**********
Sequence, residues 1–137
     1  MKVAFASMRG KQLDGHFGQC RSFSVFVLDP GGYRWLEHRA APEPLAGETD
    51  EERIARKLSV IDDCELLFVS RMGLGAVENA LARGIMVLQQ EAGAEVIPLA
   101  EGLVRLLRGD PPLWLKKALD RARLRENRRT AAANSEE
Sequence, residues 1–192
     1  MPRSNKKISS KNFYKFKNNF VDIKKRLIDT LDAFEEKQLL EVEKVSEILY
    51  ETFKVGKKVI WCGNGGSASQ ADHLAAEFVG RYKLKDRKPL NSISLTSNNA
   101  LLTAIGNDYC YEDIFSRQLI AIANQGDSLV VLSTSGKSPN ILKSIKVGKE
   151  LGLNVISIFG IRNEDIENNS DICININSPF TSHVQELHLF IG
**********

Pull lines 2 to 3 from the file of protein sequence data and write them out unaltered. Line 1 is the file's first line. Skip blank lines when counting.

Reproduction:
     1  MKVAFASMRG KQLDGHFGQC RSFSVFVLDP GGYRWLEHRA APEPLAGETD
    51  EERIARKLSV IDDCELLFVS RMGLGAVENA LARGIMVLQQ EAGAEVIPLA